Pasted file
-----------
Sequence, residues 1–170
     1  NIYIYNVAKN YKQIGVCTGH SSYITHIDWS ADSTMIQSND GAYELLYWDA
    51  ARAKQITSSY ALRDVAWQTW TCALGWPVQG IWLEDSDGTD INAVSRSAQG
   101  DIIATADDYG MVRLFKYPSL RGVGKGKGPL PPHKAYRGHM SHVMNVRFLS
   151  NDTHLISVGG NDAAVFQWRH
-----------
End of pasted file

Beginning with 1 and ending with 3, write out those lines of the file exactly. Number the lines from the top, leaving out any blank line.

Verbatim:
Sequence, residues 1–170
     1  NIYIYNVAKN YKQIGVCTGH SSYITHIDWS ADSTMIQSND GAYELLYWDA
    51  ARAKQITSSY ALRDVAWQTW TCALGWPVQG IWLEDSDGTD INAVSRSAQG